Buice column: From ‘my pleasure’ to cauliflower sandwiches at Chick-fil-A
Published 12:00 am Thursday, April 6, 2023
Like all those who go to Chick-fil-A, which is virtually everyone, I’m sure you’ve been told “my pleasure” by one of the smiling, friendly employees when you thank them for handing over your food.
Perhaps it’s a sad commentary on our society to be surprised by such pleasant behavior, but after hearing these words following multiple visits to different locations, we all figure there has to be more to it — like being part of the job.
So when I was interviewing owner/operator David Moore of the Clemmons fast-food restaurant and the soon-to-be new Bermuda Run location for a story in the Courier’s upcoming first-ever Progress Edition on April 20, I had to ask that question.
“We teach it,” Moore said. “I want to say this has been part of our mantra for the last 10 or 12 years. It’s really become an expected response. ‘Hey, we want to do this. It’s our pleasure to do this.’ ”
Where did this come from, you might ask? Moore said that founder Truett Cathy picked it up from The Ritz-Carlton and asked about copying that motto. Now, it’s become a fixture just like the chicken sandwich, nuggets and waffle fries.
OK, but what about this cauliflower sandwich? Where did that come from, and why?
Moore explained, saying that Chick-fil-A periodically introduces new products to test and see how the markets respond. It successfully worked several years ago when the wonderful mac & cheese, which tastes like it came from Grandma’s house or K&W, became a permanent addition to the menu.
But again, cauliflower? Isn’t that what you eat when you’re on a bad diet or something?
“It’s very tasty,” Moore told me, smiling while looking at my frowning face. “It tastes like a cauliflower steak with Chick-fil-A breading on it.”
Then he elaborated.
“It’s designed to meet the needs of what is termed the flexitarian — so not a pure vegetarian or a vegan because we prepare it in the same milk wash as we do chicken but people that maybe don’t want to eat meat as much.”
I get all that, but…
“I’ll have to let you try one,” Moore said.
So I did and have to admit that it exceeded expectations, although I’ll no doubt still stick with the signature chicken sandwich even if it makes the cut.
Now as for the Caramel Crumble shake that will make its experimental debut in the fall…
I can’t wait.
• • • • •
Speaking of desserts — which I received several responses to from last month’s column on some of the unique choices at Suba’s in Mountain City, Tenn. — a trip to the beach in the North Myrtle Beach/Calabash area the first weekend of spring netted some more tasty tweets.
First was the caramel pecan bread pudding at a restaurant called Gravy, followed the next night at Melt with a salted caramel (see a theme here?) truffle waffle cone and then the crème brulee cheesecake at the Boundary House.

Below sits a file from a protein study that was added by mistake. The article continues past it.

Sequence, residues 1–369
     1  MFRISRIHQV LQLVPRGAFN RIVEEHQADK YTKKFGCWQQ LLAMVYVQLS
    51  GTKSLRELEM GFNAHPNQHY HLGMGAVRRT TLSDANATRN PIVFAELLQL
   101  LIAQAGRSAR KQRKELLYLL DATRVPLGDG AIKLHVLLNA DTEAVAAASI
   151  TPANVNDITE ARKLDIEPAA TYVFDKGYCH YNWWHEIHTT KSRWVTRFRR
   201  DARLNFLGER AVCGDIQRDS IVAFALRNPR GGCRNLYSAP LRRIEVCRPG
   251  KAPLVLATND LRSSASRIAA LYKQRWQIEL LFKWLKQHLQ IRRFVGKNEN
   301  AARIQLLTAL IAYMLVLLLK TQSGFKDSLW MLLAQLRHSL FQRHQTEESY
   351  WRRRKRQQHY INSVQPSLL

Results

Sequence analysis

In addition to the food, it was a great getaway, including walks on the beach, but I couldn’t believe how many people were down there. The traffic had a feel more like summer at times. And on one of the weather impact days, a visit to the Tanger Outlets was met by a full parking lot.
Who says everyone only shops online these days?
• • • • •
Last week’s Lewisville-Clemmons Chamber of Commerce Economic Forum panel discussion at the Historic Broyhill Office Suites covered a wide range of topics, including the challenges of finding workers.
Terry Bralley, the longtime Davie County Economic Development Commission president, said, “We’ve got to figure out this labor issue. It doesn’t matter what you pay them. Pick a number — $18 an hour, $20 an hour, $25, they may show up this week and they are gone next week. I mean the turnover is ridiculous in some of these places. I’m not sure what do you do in terms of how you get these folks back to work.”
He then offered another example filling some of the slots.
“I’ve got a company, the third largest textile company in the world, Gildan. They go to Greensboro with a bus every day to pick up refugees from Afghanistan and Iraq. They fill their plant with them. They take them home. They have met their goal by doing that. We as a country have got to come up with a solution for immigration. Neither side wants to fix it, but we need to figure that out.”
Mayor Mike Horn of Lewisville then provided another take on the subject.
“This is probably the key issue that we’re going to be facing,” he said. “We’ve got to adapt a different attitude about people who want to come here from other countries to escape persecution and escape crime and have a better quality of life.
“You talk to people down east who have hog farms. Those are all immigrants. Well, if it wasn’t for them, we would not have a hog industry, we would not have a tree farm industry, we would not have manufacturing to a great extent. We have a huge demand in our economy with our resident population, so we better think differently about how we welcome other people in this country.”
Then there was another perspective on employment from Mayor Mike Rogers of Clemmons on trying to find help.
“We have two landscape positions open,” he said. “We have increased our salary structure, we have increased our benefits, and we have now gone to a four-day work week in the Public Works Department encouraging people to come. We’ve had zero applicants in the last six months for those two positions. We also have an engineer position. We cannot compete with the private market. They are gobbling up the engineers left and right. We have our current manager who is filling in as the stormwater engineer right now. We are looking for folks.”
Sounds like that’s a common, and continuing, theme all around.